The reality: Ride off at 420am. Stop for gas, 421am, for the official receipt to start the 1000 miles in less than 24 hours. Stop to put on cold weather jacket: 445am. Stop to put on quilted liner under cold weather jacket: 510am. Stop to stretch and wake up: 6am. Stop for picture of beautiful sunrise over mountains: 645am. Stop to stretch and wake up, drink Red Bull: 745am. Stop for gas at an exit where gas is nowhere to be found despite the sign that indicated gas: 830am. See adorable deer and fawn on shoulder and decide I couldn't afford the time to take a picture: 835am. Find gas, fill tank: 845am. Stop several more times for gas and stretch breaks. Buy more Red Bull. Calculate what time I would arrive at my destination at this rate.
For whatever reason I never really felt awake in the morning. It was a hard ride. I had hoped to stop at a National Park or two on the way, but they never coincided with my pee breaks and were more than a quarter inch off my primary route, so I will forever be deprived of the cultural knowledge from these sites that I would have used to kick someone's butt in a bloody Trivial Pursuit game.
After dark I did pass close enough to the Jefferson National Expansion Memorial that I could see it from the bridge I was on and I couldn't NOT stop to add it to the Parks list. This is the Memorial, which most of us know at the St. Louis Arch, though that's only part of the whole park.
I kept on after the Arch and was doing well. After the morning's struggle with grogginess I was making good time and certain I would finish with time to spare. I'd passed through a handful of states and a time zone and would soon be checking into a hotel for some rest. I pulled over for a last stretch break and a fill up with about 100 miles to go. I drank some water and ate a granola bar and was starting to put my tank bag back on my bike to go this last leg of the Saddle Sore. I waited for the car taking up part of my spot and part of the next to leave before swinging my leg over the seat and BLAM! she cranked the wheel and hit the gas and nailed my bike's right side pushing it over toward me. It landed on the left side with the car's front fender still pressing on the bike.
I started yanking stuff off my bike so I could hulk it upright on my own. The driver was expressing her frustration with the passenger in such a ferver that I thought I might be on my own for a while. Apparently, it is possible for a passenger to speak in such a way as to distract the driver such that she might not be applying her full attention to the task at hand. Interestingly, the passenger felt that the driver's lack of attention to the details of driving was a chronic condition and had little to do with him. The backseat passenger seemed to think , as I did, that it was a good idea just to be quiet and hope we weren't noticed until things calmed down.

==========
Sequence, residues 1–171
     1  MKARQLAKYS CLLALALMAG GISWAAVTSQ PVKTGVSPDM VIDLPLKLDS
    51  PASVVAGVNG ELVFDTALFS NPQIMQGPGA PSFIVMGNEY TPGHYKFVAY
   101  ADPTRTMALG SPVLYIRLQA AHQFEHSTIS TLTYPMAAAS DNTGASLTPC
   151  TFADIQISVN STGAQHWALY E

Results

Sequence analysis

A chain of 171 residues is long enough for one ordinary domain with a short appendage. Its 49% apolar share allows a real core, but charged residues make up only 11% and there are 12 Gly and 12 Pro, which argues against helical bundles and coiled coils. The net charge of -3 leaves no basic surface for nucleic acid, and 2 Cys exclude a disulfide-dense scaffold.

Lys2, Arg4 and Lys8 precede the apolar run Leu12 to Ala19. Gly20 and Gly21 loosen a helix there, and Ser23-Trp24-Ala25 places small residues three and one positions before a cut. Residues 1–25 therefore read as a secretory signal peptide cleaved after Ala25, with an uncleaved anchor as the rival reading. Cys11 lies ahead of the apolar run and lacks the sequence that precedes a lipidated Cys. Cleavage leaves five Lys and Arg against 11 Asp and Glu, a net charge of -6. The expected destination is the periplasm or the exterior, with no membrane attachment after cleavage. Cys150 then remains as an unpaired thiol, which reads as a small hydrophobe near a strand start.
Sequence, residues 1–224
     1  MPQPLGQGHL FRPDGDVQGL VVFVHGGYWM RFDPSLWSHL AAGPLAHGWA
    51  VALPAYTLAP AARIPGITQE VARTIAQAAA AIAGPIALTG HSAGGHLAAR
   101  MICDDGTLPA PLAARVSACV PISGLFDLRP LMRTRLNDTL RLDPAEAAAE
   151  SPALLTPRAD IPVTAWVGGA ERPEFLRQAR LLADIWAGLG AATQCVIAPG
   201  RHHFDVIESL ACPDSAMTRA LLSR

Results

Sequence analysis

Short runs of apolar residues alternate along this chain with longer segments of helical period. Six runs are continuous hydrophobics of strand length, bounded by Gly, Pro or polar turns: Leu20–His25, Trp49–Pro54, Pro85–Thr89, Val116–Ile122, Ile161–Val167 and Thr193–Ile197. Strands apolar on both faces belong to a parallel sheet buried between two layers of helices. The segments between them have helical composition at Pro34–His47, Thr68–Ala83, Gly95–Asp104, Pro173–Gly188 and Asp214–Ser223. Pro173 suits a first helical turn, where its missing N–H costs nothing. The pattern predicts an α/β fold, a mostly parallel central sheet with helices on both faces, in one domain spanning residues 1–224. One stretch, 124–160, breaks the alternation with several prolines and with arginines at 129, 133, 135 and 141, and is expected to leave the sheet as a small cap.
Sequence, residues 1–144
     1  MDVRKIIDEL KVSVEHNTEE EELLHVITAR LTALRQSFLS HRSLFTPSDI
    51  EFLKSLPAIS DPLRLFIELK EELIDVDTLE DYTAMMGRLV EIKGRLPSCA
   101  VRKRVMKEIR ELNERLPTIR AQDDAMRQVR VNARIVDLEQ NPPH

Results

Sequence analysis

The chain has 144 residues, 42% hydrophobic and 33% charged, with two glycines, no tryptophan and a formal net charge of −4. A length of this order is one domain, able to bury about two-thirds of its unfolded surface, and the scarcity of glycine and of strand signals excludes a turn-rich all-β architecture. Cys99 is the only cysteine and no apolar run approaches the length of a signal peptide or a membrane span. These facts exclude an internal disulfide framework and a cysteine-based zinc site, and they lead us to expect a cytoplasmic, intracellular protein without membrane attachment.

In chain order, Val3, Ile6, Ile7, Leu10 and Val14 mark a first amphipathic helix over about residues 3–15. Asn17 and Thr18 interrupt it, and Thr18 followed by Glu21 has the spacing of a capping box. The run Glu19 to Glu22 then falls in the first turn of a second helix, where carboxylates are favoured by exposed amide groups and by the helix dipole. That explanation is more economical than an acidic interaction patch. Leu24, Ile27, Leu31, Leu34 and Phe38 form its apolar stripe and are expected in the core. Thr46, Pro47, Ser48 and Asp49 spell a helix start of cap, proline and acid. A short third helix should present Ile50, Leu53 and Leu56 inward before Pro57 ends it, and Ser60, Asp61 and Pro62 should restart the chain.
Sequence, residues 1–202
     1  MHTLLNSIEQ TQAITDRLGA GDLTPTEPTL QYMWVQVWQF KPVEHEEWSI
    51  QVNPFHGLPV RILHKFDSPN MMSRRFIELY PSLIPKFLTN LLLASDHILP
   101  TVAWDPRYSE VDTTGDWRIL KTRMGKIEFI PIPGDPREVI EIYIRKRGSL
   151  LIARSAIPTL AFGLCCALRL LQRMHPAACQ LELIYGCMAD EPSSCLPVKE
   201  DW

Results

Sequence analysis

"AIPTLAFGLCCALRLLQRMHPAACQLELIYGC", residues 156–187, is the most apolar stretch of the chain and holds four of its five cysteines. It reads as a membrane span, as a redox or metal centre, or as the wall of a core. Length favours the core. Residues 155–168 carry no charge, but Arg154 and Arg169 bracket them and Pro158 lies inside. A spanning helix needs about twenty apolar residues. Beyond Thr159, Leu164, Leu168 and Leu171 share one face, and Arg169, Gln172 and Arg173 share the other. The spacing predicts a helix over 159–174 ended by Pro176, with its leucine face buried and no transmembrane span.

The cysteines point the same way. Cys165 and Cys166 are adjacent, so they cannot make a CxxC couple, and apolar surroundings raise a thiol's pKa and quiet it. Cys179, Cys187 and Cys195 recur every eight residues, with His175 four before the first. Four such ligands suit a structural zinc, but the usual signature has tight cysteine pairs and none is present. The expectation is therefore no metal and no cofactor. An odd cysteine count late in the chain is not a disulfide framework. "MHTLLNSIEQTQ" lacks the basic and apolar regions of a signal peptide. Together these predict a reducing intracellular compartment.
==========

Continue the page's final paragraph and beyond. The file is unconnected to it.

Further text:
When they got out of the car she was truly apologetic and explained that you just can't have someone distracting you while you're driving... I nodded and asked her if she wouldn't mind moving her car off my bike so the passenger and I could get it up. I looked it over and took it around the parking lot before they left just to check it out. We exchanged info and it seems that insurance will take care of it. I was concerned that something unseen might have been boogered up on the bike and bite me later, but also thought how sucky it was that I was going to a bike conference with a banged up scoot.
So, after all that excitement I finished the last 100 or so miles and found a hotel for the night. I got my ending receipt and witness and still hadn't decided whether I'd continue with the next 500 in the morning or call insurance and deal with the bike.
When I woke up I decided that I needed to give up on the Bun Burner and deal with the bike. :/
Once that phone call and info was done, I got back on the road. I didn't have any bike issues, thankfully, and, in lieu of the 500 miles I had hoped to ride that day, I added some unplanned parks to the list. So, hey, the accident sucked, but the bike was driveable, I was fine and it could always have been worse.
Harry S. Truman National Historic Site, Brown v. Board of Education, Washita National Historic Battlefield.